How To Write Engaging Questions for Online Discussion Forums

Online asynchronous discussions are often incorporated by faculty into blended or online courses, providing opportunities for rich dialog among students outside of the traditional face-to-face classroom environment. A number of steps can be taken to promote an engaging and interactive online discussion, beginning with drafting the discussion questions that students are asked to respond to. This infographic highlights a variety of suggestions that can yield more meaningful and deeper online discussions.

How to Write Engaging Questions for Online Forums Infographic
Source: BangTheTable

For students in my summer course, ETT 511, you may in particular find these tips helpful as you draft the discussion questions for the week your group facilitates.

What additional suggestions do you have for writing engaging questions for online discussion forums?  Feel free to leave a comment with your ideas!


  • Tom Moffitt

    Why do we require a specific number of replies to a discussion question? Why not let the richness and relevance of the question determine the minimum level of engagement?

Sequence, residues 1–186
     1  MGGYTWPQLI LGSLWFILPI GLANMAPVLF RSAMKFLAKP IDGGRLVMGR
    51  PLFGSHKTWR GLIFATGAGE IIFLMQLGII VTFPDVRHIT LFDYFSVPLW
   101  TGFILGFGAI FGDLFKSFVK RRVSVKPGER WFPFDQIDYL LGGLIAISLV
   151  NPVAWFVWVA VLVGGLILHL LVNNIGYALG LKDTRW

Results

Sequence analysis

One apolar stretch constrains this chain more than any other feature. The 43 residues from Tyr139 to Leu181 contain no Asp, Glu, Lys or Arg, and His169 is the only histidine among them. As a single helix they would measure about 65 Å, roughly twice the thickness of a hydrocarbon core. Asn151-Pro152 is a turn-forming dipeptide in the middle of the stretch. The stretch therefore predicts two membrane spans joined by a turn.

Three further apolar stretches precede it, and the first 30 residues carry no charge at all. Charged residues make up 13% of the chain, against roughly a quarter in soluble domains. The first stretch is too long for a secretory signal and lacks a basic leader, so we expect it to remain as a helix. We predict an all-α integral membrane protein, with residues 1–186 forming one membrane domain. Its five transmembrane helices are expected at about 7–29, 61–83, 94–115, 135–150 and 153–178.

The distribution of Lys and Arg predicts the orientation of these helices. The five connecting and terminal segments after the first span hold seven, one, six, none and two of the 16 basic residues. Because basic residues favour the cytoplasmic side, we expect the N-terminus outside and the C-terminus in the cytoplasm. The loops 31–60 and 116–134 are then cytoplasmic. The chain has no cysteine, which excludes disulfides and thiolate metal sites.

• Tom – Fantastic question, one in which I go back and forth with personally every time I teach an online course. In the ideal world, if all students in the core would become engaged in the conversation, then any minimum participation requirement is pointless. However, it’s been my experience that students appreciate having at least a guideline of what the baseline participation expectations are and sadly, some just stick to the minimum. The ideal is certainly to have discussion questions that create such a lively conversation that any minimum participation requirements are mute.

  • Tania

    Thanks Dr.Rhode, I am a a student in an professional development for online course design and this week the assignment is design 1 module. It was perfect timing to come across this visual – I shared it in our class forum to inspire our instructors as they design their activities.

  • T

    Jason – I like your tips – but looking at them carefully many of your suggested questions are longer than the originally poorly phrased one – seemingly then in contradiction to your point about pith? Thoughts?